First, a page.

Knowing what makes a good teacher is a lot different to actually being one. So with this in mind, research organisation Evidence Based Education partnered with Cambridge International to produce the Great Teaching Toolkit: Evidence Review.
Contained within is a four-dimensional model that aims to help teachers identify the areas they can work on in their own professional development that will have the most impact on their learners’ outcomes.
Let’s dive in and see what they are.
- Understanding the content
- Having deep and fluent knowledge and flexible understanding of the content you are teaching.
- Knowledge of the requirements of curriculum sequencing and dependencies in relation to the content and ideas you are teaching.
- Knowledge of relevant curriculum tasks, assessments and activities, their diagnostic and didactic potential; being able to generate varied explanations and multiple representations/analogies/examples for the ideas you are teaching.
- Knowledge of common student strategies, misconceptions and sticking points in relation to the content you are teaching.
- Creating a supportive environment
- Promoting interactions and relationships with all students that are based on mutual respect, care, empathy and warmth; avoiding negative emotions in interactions with students; being sensitive to the individual needs, emotions, culture and beliefs of students.
- Promoting a positive climate of student-student relationships, characterised by respect, trust, cooperation and care.
- Promoting learner motivation through feelings of competence, autonomy and relatedness.
- Creating a climate of high expectations, with high challenge and high trust, so learners feel it is okay to have a go; encouraging learners to attribute their success or failure to things they can change.
- Maximising opportunity to learn
- Managing time and resources efficiently in the classroom to maximise productivity and minimise wasted time; giving clear instructions so students understand what they should be doing; using routines to make transitions smooth.
- Ensuring that rules, expectations and consequences for behaviour are explicit, clear and consistently applied.
- Preventing, anticipating and responding to potentially disruptive incidents; reinforcing positive student behaviours; signalling awareness of what is happening in the classroom and responding appropriately.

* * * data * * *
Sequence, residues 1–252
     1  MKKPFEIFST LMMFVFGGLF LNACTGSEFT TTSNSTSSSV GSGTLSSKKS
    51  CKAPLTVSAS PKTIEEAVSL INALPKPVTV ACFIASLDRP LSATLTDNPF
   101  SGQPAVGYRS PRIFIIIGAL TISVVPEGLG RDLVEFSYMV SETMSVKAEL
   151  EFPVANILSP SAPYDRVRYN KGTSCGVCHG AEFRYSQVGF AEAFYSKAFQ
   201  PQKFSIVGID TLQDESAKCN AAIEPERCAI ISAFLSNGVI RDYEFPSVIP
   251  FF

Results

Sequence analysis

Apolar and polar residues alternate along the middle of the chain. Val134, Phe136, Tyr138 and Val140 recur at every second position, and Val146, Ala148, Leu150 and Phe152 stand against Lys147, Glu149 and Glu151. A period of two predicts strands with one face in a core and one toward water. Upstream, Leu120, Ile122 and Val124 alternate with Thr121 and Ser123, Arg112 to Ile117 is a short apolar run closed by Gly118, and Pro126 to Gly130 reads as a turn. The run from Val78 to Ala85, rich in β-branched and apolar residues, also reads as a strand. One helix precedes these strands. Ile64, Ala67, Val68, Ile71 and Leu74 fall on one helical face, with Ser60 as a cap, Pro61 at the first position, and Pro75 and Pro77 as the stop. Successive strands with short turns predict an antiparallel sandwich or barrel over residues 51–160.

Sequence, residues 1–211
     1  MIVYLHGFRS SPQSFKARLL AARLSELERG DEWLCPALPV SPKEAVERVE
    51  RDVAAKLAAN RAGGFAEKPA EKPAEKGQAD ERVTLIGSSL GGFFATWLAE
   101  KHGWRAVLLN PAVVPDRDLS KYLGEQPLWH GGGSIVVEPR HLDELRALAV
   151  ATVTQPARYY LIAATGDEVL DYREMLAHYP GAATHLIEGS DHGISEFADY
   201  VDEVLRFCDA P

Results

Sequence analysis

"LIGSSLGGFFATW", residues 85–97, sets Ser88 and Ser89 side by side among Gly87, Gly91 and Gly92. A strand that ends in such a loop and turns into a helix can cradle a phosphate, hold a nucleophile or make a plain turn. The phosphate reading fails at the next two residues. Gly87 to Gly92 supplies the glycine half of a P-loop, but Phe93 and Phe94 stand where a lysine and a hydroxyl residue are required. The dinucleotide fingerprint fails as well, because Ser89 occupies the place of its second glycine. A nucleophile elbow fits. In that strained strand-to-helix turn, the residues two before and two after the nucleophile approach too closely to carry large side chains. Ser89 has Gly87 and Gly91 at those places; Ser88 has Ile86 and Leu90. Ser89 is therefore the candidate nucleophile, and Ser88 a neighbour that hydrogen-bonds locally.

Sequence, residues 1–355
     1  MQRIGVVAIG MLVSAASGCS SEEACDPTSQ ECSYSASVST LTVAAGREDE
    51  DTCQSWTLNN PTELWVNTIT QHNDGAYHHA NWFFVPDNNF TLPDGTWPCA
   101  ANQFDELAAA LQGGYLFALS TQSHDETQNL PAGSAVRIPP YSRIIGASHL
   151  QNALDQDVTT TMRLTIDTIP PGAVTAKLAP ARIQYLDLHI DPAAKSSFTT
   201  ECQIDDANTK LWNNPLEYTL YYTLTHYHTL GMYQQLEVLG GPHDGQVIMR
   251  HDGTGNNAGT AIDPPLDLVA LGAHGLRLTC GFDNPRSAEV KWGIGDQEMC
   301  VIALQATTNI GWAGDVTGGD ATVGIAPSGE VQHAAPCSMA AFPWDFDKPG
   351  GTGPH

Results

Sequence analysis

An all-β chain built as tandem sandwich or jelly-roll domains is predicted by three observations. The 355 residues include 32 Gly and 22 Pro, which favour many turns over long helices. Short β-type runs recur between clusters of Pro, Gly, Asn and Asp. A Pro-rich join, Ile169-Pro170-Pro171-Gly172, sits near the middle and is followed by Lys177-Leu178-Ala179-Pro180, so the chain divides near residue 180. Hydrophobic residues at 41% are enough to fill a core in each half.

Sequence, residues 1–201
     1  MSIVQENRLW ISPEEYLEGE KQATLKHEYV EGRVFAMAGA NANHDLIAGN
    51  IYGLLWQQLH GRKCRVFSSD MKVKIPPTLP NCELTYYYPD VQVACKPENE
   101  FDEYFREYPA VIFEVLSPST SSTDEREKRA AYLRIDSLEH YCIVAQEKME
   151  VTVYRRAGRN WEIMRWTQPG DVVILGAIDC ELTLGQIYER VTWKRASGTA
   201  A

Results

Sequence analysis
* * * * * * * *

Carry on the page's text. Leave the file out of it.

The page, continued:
- Activating hard thinking
- Structuring: giving students an appropriate sequence of learning tasks; signaling learning objectives, rationale, overview, key ideas and stages of progress; matching tasks to learners’ needs and readiness; scaffolding and supporting to make tasks accessible to all, but gradually removing them so that all students succeed at the required level.
- Explaining: presenting and communicating new ideas clearly, with concise, appropriate, engaging explanations; connecting new ideas to what has previously been learnt; using examples appropriately to help learners understand and build connections; modelling/demonstrating new skills or procedures with appropriate scaffolding and challenge; using worked/part-worked examples.
- Questioning: using questions and dialogue to promote elaboration and connected, flexible thinking among learners; using questions to elicit student thinking; getting responses from all students; using high-quality assessment to evidence learning; interpreting, communicating and responding to assessment evidence appropriately.
- Interacting: responding appropriately to feedback from students about their thinking/knowledge/understanding; giving students actionable feedback to guide their learning.
- Embedding: giving students tasks that embed and reinforce learning; requiring them to practice until learning is fluent and secure; ensuring that once-learnt material is reviewed/revisited to prevent forgetting.
- Activating: helping students to plan, regulate and monitor their own learning; progressing appropriately from structured to more independent learning as students develop knowledge and expertise.
Read the full report here.